Japanese and Australian Student Society Sushi

At JASS (Japanese and Australian Student Society), our vision is to promote the awareness of the Japanese cultural identity and to foster interaction and unity among the members of our society. Our major goal is to enjoy the various aspects integral to the mosaic of Japanese life. From its language, culture, and traditions; our society strives to enhance the knowledge base of our members by conducting fun and interactive events. Today we are sharing our knowledge of Japan through it’s most famous iconic dish - Sushi!

Sushi is a dish that has an impact around the world - like few others parallel. Once it left Japan (many centuries ago), sushi became a magnet for food lovers everywhere, with sushi bars and restaurants popping up just about everywhere. A complex and refined culinary specialty that truly reflects the perfectionist nature of the Japanese culture it came from.

That being said - rolling your own sushi is easier than you think! And it’s really fun to make at home - you can make it with your family or housemates and see who comes up with the tastiest creations. Just pick your favourite ingredients - we’ve chosen teriyaki chicken (because it’s student budget friendly and easy!). But you can add fresh seafood, tofu, egg - whatever you like/have in your fridge! Get creative - and then let us know your favourite!

What you will need:

  • 600g of uncooked Japanese short grain rice (Koshihikari or Sushi Rice)
  • 135ml of sushi vinegar (~10% of the weight of cooked rice)

Suggested Fillings (Use whatever you prefer!)

  • Sliced teriyaki chicken breast (lengthwise)
  • Cucumber cut into 4cm long batons
  • Nori (seaweed sheets)
  • Capsicum cut into strips
  • Carrot julienned
  • Avocado cut into strips
  • Kewpie mayonnaise
  • Bamboo Sushi Mat

Sumeshi (Vinegared Sushi Rice)

  1. Place the rice in a large bowl. Pour in some water and mix with your hands then immediately discard the water. Next, remove the excess starch from the rice by washing the rice grains. Gently whisk your fingers in small circles through the rice with slight pressure. Pour some more water into the bowl, it will become cloudy and discard immediately.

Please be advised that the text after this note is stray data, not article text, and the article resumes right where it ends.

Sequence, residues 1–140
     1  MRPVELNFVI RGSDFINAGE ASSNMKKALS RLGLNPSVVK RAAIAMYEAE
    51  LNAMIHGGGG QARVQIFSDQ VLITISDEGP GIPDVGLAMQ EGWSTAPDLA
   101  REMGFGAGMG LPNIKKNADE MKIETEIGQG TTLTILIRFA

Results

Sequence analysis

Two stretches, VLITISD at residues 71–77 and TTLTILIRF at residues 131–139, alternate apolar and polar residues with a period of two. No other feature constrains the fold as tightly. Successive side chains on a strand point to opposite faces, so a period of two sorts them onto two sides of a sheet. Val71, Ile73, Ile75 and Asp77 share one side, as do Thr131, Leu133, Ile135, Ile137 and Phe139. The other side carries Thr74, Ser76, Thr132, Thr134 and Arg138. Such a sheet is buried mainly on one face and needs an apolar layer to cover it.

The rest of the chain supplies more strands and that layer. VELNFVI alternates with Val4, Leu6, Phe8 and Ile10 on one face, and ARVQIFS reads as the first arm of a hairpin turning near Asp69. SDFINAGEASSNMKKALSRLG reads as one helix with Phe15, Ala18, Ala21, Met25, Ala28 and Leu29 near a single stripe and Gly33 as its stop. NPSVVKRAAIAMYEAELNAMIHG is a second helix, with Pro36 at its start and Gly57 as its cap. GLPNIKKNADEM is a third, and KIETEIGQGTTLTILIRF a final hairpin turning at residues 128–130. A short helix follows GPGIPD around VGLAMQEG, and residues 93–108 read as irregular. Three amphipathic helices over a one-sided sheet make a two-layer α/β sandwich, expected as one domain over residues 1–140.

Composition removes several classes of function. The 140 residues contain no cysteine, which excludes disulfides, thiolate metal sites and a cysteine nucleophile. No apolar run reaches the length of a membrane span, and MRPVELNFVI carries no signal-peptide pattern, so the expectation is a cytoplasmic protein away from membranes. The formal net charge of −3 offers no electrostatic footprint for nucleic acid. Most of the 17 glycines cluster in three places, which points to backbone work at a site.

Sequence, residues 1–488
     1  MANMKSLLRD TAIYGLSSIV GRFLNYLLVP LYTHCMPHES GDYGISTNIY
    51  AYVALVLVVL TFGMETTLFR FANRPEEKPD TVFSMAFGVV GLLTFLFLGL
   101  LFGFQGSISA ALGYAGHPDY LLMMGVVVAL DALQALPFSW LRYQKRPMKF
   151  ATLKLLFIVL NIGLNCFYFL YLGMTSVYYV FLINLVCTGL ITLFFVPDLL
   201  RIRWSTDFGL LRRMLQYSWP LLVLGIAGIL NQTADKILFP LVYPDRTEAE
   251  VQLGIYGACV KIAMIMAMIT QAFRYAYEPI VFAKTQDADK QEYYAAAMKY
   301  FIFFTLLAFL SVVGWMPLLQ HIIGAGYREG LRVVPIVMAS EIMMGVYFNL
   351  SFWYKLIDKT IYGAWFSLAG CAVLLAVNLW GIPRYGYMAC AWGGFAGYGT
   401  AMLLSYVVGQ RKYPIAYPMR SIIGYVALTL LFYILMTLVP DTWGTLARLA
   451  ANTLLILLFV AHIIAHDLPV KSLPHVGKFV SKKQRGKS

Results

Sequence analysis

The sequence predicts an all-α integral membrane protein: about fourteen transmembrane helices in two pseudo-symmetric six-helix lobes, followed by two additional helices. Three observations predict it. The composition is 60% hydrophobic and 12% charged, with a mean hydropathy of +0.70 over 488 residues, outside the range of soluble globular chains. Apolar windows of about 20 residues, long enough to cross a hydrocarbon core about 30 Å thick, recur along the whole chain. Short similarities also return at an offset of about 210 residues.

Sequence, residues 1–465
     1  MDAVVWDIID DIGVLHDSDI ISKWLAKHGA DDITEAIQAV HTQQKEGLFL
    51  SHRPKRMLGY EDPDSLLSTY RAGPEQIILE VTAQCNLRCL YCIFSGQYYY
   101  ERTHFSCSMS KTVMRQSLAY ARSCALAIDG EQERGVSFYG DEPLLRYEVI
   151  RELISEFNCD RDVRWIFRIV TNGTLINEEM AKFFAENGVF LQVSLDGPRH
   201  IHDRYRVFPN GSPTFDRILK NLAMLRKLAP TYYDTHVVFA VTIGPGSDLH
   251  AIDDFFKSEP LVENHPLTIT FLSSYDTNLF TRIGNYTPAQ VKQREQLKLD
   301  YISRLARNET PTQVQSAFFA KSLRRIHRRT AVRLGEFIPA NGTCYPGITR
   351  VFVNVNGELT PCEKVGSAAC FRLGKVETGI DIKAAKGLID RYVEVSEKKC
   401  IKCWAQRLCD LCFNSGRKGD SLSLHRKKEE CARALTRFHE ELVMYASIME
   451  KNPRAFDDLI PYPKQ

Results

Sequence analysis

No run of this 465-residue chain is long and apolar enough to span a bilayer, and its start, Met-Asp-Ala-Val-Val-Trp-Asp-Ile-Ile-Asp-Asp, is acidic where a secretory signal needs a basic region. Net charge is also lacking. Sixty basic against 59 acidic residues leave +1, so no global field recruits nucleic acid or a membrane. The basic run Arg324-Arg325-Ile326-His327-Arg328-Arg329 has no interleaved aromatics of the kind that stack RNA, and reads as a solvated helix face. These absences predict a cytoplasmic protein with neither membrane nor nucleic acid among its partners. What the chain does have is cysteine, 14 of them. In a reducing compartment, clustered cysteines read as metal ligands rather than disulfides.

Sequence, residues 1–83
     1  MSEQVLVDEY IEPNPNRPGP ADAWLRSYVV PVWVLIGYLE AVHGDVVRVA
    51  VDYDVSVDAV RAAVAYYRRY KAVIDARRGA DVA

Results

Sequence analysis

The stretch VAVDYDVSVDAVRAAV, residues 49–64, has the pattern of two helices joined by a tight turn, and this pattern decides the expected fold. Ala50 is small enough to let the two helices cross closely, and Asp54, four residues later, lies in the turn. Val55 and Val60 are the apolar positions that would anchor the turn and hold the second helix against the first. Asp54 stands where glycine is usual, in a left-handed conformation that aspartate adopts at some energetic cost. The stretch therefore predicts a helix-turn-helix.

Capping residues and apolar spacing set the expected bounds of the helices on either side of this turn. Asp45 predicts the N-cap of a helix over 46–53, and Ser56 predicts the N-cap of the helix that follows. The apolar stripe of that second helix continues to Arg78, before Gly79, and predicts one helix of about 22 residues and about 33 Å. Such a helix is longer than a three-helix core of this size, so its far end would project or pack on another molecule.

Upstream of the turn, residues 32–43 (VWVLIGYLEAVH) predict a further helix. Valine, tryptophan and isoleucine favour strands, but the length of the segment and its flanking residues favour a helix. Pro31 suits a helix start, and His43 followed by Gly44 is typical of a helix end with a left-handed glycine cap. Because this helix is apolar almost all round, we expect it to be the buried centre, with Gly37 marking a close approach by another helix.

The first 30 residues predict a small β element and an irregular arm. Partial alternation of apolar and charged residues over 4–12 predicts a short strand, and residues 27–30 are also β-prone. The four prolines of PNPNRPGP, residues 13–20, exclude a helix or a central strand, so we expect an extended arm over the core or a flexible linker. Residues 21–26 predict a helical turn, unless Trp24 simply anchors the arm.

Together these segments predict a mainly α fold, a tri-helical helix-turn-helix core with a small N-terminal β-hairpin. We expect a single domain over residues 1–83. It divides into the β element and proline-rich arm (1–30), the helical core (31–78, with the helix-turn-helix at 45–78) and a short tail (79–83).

2. Repeat this process 4-5 more times until the water in the bowl is reasonably clear.
  3. Cook the rice in a rice cooker using 1.5 times by volume of water to rice.
  4. Place cooked rice in a large bowl while still hot. Pour in the vinegar over a spatula (sprinkling it over the rice). Mix the rice by “cutting” it on an angle with the spatula cooling it with a fan at the same time, while being careful not to crush the grains.
  5. Cover with a damp towel and set aside (Never place in the refrigerator or it will dry and harden).

Temaki (Hand-rolled Sushi)

  1. Cut a nori sheet into 4 squares.
  2. Lay a square in the palm of your hand and place some rice on the nori along the diagonal.
  3. Arrange your choice of filling in the same direction and roll it up the diagonal as well.

Tip: If you want to add more than one filling, use a sheet of nori cut into two rectangles (this is what we did in the video). Follow the same method but place the rice on one side only and then the rest of the nori can be wrapped around to make a cone.

Maki (Rolled Sushi)

  1. Place a sheet of nori on a sushi mat.
  2. With wet hands take a small handful of rice and spread it along the nori, it should cover most of the sheet leaving a 1cm gap on the top edge.
  3. Add your choice of fillings: we chose teriyaki chicken, mixed vegetables and mayo. Stack them to prevent wide lines of filling. Using the mat lift the edge of the nori closest to you, pressing lightly on the fillings to keep them from moving. Gently roll until the edges of the nori meet up.
  4. Place the maki in the middle of the mat (with the join facing down) and using the mat apply slight pressure to form a nice, cylinder shaped roll. Slice as desired.

Tip: You can make thinner maki by cutting the nori into two rectangles and then using only one or two fillings. The method is the same as for large maki.

Our society’s effort is to create appreciation and to cooperate with other diverse clubs and societies at the University of Technology of Sydney (UTS) in promoting and sharing everything that is about Japan.

Sushi is the cornerstone of Japanese cuisine, coming in as many forms as there are ingredients to fill it with. We hope that you enjoy our recipe and stay safe at home, from all of us at JASS. Please follow us at @jassuts and tag us in your sushi creations!

頂きます itadakimasu!